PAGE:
My emphasis. The author goes on to discuss a handful of unusual cases where the courts granted standing to people representing donor trusts that have donated large sums of money to organizations, but those seem to be the exception rather than the rule. None of the examples given deal specifically with museum collections, whether historical artifacts or artwork.
One phrase we’re likely to hear tossed around in this discussion is cy-près (“as near as possible”), which is a legal doctrine under which a donor trust does something different with its gift than was earlier specified, because the original requirement could not practically be met. The idea is to use the gift in a way that is as close as possible to the original intent. For example, if a person left a bequest in her will to a certain animal shelter, but by the time of her death that shelter was no longer in operation, the executor could cite the cy-près doctrine to obtain permission to donate the funds to a different shelter, in that way remains true to the basic intent of the original bequest, if not the precise letter of it.
One critical aspect of a cy-près action, though, is that every description or example of it I’ve found appears to be one that deals prospectively with gifts or donations that are to be made, rather than withdrawing gifts that have been lawfully made in the past.
We’ll have to wait and see if the Virginia SCV ever actually files a lawsuit on this matter; the last one didn’t go so well. If they do, it will be interesting to see if they cite any specific case law that supports their claim. Maybe there’s something out there I’m not aware of, but otherwise I don’t see how such a lawsuit goes very far.
 Marie C. Malaro, A Legal Primer on Managing Museum Collections (Washington: Smithsonian Institution, 1985), 20-22.
David Letterman has been phoning it in for at least a decade. (And I say that as a Letterman fan from way back.) But Monday night, his first day back from break, he gave this personal remembrance of Robin Williams:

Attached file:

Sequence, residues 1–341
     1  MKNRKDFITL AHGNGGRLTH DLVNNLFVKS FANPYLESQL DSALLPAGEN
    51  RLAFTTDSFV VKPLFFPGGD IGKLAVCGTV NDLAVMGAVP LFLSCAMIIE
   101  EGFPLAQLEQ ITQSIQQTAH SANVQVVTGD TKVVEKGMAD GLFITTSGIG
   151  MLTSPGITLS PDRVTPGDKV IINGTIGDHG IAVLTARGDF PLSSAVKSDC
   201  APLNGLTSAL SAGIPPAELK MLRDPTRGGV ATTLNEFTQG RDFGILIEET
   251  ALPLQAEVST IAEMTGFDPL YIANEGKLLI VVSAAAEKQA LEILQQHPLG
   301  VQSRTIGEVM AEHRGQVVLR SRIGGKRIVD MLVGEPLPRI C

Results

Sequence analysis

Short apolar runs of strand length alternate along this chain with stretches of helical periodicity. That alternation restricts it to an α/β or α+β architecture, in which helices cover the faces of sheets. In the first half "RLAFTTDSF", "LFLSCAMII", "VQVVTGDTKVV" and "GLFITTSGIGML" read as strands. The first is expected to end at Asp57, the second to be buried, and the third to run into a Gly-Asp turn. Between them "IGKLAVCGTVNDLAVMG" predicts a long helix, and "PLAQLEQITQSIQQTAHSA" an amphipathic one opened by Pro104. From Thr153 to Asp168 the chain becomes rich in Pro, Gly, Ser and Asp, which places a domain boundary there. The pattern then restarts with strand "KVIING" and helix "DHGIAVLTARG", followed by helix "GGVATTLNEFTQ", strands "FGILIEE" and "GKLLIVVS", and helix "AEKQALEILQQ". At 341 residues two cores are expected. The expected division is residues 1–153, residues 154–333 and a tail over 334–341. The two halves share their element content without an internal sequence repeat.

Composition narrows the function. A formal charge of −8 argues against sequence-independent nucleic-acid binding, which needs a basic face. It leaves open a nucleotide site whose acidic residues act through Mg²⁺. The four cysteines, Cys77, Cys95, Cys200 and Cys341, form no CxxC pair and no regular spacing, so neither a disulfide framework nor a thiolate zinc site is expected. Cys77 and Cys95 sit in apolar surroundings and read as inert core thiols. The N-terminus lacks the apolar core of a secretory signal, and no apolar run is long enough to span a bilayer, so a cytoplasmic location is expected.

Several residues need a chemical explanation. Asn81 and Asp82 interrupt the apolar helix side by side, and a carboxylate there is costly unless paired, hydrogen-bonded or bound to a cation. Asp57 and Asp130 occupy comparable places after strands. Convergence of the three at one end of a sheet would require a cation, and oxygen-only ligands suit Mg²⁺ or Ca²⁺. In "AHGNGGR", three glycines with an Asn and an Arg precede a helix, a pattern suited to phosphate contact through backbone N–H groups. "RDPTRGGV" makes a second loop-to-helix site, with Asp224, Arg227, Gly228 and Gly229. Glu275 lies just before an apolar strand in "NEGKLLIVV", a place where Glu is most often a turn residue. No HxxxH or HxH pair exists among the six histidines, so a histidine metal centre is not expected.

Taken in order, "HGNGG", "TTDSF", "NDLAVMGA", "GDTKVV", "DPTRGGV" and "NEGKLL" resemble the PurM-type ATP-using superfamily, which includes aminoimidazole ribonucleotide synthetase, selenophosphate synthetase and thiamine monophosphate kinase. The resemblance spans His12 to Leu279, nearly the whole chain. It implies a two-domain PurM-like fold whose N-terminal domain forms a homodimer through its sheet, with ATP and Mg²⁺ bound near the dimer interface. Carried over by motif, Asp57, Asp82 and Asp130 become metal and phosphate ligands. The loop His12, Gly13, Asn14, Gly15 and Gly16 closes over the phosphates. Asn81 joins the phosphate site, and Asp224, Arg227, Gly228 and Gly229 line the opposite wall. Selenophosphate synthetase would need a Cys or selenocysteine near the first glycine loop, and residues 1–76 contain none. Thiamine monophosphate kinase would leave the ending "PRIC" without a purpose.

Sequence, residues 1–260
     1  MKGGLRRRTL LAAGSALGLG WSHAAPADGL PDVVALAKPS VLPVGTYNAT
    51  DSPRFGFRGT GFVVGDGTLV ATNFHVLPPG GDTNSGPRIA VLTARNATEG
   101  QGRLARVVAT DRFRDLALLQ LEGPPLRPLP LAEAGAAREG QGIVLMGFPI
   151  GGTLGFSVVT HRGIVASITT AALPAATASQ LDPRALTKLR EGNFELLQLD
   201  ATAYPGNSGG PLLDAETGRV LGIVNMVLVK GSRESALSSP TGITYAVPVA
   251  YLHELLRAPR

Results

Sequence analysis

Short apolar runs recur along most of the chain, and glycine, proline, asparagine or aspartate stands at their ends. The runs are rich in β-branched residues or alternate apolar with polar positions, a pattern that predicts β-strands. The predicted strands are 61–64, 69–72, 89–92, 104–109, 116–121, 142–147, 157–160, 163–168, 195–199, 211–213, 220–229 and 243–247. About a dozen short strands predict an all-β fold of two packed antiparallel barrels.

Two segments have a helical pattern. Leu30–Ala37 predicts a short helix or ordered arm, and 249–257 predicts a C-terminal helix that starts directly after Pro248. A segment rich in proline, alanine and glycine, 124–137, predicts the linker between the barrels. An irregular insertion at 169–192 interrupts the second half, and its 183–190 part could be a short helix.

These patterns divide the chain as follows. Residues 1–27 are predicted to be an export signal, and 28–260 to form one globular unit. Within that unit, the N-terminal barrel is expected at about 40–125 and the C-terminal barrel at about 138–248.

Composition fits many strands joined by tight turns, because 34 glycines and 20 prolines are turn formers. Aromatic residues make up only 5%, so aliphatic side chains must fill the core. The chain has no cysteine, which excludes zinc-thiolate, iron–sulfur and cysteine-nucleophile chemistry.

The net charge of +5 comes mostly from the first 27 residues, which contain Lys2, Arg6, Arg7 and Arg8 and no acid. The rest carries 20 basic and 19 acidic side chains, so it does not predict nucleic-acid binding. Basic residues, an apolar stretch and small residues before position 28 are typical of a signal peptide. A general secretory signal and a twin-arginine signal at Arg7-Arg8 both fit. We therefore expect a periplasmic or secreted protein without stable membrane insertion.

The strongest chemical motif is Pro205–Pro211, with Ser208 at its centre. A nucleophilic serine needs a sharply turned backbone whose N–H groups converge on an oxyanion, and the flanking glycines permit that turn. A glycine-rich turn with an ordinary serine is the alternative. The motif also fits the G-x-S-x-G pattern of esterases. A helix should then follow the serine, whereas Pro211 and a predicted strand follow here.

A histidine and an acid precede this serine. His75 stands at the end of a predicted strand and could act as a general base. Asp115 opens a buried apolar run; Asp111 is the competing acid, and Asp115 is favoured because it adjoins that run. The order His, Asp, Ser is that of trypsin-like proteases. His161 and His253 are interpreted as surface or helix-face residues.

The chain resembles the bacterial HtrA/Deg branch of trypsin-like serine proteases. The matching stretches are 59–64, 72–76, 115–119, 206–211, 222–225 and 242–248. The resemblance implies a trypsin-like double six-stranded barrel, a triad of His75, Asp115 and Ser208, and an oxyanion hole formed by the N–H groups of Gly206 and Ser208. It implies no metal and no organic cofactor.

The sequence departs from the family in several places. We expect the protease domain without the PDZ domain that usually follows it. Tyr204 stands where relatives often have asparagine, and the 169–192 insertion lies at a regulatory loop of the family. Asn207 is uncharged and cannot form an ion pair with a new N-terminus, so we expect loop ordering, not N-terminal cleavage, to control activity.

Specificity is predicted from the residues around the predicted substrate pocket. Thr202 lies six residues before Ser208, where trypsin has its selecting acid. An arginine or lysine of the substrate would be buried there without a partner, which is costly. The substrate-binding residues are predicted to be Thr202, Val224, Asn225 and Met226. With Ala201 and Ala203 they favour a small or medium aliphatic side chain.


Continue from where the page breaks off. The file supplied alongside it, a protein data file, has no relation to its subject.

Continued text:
The subject came up yesterday on another forum about the CW history of a particular vessel, the sidewheel riverboat William Bagaley (or Bagley, as it’s often given in contemporary records). It’s an interesting story.
William Bagaley was built at Belle Vernon, Pennsylvania in 1854. She was 170 feet long, 32 feet 9 inches wide (not including the sidewheels and deck overhang), and had a depth of hold of 7 feet. Her measured tonnage was 396 30/95 tons. She was initially registered at Pittsburgh on November 28, 1854.
Abstract register of the steamboat William Bagaley, 1855.
The boat was re-enrolled about year later at New Orleans, on December 7, 1855. Her owner at that time was listed as Ralph Bagley (Bagaley?) of Pittsburg, and her master was John C. Sinnott. At some point in the following years it appears that Bagley may have sold his interest in the boat, because April 1861 the boat is advertised as being part of the Cox, Brainard & Co. line of steamers running between New Orleans and the Alabama River, as high up as Montgomery. Dick Sinnott is listed as master at that time; it’s not clear how he is related to John C. Sinnott, although they appear to be different individuals.
April 1861 advertisement for the steamboat William Bagaley, running from New Orleans to Mobile, Selma and Montgomery. From Huber.
Sometime in mid-1862 or later, William Bagaley was taken into Confederate service, probably for use as a tender or supply vessel supporting the military outposts around Mobile Bay. On at least one occasion, in early March 1863, the steamer was used as a flag-of-truce vessel for communicating with the Union blockading fleet off the entrance to the bay.